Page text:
MST-FIT is predicated upon the notion that treatment is most effective if all of the factors that sustain a problem behavior are addressed in an integrated manner
What is MST-FIT
Family Integrated Transitions (FIT) provides individual and family services to juvenile offenders with mental health and chemical dependency disorders during the period of transition of the youth from incarceration back to the community. The goals of the FIT program include lowering the risk for recidivism, connecting the family with appropriate community supports, achieving youth abstinence from alcohol and other drugs, improving the mental health status of the youth, and increasing prosocial behavior.
The Program is an intensive 6 month family and community-based treatment program that focuses on youth transitioning from facilities to home. The first two months of treatment works on transitional needs (mental and physical health, academic, housing, safety, support structure and monitoring, etc.) of youth and family to increase success of transition from facility to home. The next four months of treatment is focused on addressing all environmental systems that impact chronic and violent juvenile offenders in their homes, with families, schools and teachers, neighborhoods and friends.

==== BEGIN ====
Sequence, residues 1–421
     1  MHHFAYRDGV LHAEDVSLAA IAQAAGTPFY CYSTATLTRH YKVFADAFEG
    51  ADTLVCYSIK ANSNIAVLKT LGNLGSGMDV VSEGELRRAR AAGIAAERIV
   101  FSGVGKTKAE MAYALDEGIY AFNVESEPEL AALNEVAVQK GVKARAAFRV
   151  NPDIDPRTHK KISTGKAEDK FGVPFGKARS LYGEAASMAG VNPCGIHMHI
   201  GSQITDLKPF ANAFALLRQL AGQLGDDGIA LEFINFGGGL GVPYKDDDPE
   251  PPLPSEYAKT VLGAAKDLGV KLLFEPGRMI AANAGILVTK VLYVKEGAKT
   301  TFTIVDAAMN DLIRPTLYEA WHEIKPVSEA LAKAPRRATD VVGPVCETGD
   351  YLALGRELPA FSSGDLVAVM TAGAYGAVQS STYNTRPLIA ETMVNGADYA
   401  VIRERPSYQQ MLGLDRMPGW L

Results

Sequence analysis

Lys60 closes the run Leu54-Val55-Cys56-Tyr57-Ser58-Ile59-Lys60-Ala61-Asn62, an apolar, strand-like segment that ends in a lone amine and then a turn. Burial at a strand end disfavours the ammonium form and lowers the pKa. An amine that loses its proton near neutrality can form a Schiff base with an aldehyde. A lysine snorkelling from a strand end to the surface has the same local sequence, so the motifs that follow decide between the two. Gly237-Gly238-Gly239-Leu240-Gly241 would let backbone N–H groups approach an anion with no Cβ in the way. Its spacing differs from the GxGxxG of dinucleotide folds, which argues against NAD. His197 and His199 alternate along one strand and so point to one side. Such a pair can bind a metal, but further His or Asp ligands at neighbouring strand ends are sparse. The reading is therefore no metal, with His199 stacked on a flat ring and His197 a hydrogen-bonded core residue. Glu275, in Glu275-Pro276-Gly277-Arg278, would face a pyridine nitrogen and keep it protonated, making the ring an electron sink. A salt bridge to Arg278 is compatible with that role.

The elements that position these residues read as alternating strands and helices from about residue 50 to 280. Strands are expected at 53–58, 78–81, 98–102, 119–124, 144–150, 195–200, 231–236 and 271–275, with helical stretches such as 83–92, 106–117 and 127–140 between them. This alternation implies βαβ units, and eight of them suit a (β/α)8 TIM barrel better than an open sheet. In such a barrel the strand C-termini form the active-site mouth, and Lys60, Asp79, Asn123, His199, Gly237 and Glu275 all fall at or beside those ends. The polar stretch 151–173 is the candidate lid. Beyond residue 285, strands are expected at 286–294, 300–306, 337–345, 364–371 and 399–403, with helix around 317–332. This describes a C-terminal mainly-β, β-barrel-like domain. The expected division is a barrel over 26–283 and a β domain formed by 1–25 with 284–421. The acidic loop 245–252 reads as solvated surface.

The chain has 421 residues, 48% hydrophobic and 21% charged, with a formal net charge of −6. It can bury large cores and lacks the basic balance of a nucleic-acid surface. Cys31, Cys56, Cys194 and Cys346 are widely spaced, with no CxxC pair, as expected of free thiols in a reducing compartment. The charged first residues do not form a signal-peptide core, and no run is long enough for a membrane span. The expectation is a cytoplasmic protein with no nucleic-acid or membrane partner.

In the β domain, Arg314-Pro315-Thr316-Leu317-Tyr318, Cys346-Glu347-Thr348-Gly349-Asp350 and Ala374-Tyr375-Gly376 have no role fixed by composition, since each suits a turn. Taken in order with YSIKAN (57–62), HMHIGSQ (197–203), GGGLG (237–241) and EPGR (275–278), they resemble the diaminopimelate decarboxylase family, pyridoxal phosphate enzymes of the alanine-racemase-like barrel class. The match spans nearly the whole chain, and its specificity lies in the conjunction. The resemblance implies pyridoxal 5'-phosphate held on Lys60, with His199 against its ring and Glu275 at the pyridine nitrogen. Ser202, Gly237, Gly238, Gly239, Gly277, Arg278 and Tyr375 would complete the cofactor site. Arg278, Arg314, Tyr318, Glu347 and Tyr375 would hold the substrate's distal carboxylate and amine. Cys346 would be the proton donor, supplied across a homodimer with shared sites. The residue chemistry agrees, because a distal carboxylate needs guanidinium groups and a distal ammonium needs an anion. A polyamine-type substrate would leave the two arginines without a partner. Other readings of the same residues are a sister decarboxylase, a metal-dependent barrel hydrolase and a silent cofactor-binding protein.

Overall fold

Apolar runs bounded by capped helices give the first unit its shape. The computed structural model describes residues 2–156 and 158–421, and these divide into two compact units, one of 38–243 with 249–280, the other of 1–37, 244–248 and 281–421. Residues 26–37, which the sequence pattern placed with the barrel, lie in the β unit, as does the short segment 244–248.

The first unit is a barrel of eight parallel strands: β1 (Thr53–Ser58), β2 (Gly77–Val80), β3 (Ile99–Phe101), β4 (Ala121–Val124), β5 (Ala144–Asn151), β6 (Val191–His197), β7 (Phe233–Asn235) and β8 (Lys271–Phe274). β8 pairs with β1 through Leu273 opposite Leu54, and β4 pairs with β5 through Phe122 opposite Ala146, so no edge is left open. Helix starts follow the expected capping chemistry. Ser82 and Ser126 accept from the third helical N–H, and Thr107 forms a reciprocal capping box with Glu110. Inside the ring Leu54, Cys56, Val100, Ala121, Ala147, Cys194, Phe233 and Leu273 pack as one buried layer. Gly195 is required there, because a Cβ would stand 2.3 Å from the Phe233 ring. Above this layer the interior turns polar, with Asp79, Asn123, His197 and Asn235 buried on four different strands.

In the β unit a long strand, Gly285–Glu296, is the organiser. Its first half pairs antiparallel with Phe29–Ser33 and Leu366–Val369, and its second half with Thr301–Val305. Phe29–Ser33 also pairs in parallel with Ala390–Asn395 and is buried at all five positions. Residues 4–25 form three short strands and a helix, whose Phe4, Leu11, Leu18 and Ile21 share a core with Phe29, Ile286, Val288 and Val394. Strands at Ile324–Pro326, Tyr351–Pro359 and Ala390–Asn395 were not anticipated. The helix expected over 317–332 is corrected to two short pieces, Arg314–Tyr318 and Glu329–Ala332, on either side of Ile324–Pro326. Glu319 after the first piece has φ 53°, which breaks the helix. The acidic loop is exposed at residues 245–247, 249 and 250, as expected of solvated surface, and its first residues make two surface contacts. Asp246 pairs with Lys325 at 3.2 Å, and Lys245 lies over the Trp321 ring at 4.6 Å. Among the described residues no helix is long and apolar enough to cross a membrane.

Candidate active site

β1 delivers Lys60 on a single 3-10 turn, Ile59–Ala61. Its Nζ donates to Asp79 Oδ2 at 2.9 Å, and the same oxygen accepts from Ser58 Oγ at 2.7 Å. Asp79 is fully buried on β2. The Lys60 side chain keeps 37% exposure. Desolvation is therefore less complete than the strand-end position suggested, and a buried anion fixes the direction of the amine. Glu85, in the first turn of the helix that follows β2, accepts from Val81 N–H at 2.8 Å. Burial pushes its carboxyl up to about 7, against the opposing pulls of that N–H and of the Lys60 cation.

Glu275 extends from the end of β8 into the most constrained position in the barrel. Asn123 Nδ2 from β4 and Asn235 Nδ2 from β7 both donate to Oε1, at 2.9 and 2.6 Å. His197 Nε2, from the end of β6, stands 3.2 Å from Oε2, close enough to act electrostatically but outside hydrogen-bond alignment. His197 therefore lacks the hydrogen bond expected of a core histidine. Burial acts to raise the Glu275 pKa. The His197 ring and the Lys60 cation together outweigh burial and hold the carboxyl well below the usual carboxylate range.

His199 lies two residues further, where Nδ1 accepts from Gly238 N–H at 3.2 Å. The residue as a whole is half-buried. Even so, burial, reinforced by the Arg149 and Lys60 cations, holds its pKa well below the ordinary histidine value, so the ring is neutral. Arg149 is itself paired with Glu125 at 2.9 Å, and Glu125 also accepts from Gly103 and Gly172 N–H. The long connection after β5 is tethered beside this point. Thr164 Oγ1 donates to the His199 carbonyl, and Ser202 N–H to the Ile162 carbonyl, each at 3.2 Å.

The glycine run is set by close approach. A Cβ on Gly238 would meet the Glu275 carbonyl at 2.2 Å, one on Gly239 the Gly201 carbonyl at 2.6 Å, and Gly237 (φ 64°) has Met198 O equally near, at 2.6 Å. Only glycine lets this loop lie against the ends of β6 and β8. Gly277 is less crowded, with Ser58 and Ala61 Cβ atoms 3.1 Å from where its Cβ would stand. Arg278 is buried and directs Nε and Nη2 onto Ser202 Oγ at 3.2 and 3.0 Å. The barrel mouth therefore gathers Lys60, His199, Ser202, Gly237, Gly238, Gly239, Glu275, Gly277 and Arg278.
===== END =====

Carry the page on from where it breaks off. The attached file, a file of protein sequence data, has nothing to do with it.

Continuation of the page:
FIT uses the MST model with elements of dialectical behavior therapy (DBT), motivational interviewing (MI), and relapse prevention.
- MST-FIT clinicians go to where the child is and are on call 24 hours a day, seven days a week
- They work intensively with parents and caregivers to put them in control
- The therapist works with the caregivers to keep the adolescent focused on school and gaining job skills
- The therapist and caregivers introduce the youth to sports and recreational activities as an alternative to hanging out
- Youth Aged 12-17 ½
- Has a committed caregiver
- Not in the Pervasive Developmental Delay spectrum
- Either currently substance using or at risk to use
- Not currently psychotic/suicidal
- Not referred for sex offending behavior in the absence of other externalizing behaviors